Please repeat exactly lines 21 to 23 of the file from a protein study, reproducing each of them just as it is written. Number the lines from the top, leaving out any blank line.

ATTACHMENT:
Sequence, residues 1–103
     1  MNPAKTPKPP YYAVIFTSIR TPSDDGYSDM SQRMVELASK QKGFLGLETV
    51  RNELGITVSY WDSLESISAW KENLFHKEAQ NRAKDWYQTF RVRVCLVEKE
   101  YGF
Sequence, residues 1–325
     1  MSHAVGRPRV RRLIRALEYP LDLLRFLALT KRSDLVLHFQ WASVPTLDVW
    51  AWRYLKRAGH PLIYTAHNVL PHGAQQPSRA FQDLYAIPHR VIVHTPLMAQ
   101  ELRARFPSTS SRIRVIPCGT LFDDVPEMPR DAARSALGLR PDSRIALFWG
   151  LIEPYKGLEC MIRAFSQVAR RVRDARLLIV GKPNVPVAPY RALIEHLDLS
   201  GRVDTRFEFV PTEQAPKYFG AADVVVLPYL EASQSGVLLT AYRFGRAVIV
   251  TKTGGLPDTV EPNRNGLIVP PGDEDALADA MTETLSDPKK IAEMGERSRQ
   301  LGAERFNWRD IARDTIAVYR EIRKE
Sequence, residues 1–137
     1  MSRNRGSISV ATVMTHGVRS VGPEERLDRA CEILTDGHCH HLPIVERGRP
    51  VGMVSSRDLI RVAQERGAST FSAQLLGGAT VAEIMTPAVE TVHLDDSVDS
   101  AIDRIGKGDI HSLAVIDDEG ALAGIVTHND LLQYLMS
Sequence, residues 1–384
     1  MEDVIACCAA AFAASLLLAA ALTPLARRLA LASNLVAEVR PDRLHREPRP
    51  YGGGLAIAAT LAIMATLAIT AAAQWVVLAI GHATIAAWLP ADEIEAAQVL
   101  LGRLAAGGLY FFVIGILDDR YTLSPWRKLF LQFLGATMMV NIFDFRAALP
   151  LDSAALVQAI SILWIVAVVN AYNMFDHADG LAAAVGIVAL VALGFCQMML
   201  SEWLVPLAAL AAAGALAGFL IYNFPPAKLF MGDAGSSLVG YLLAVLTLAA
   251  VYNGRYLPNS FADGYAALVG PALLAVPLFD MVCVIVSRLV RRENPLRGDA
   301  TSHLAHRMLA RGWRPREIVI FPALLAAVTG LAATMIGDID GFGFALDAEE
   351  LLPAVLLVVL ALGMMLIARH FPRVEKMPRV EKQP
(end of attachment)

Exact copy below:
   151  LDSAALVQAI SILWIVAVVN AYNMFDHADG LAAAVGIVAL VALGFCQMML
   201  SEWLVPLAAL AAAGALAGFL IYNFPPAKLF MGDAGSSLVG YLLAVLTLAA
   251  VYNGRYLPNS FADGYAALVG PALLAVPLFD MVCVIVSRLV RRENPLRGDA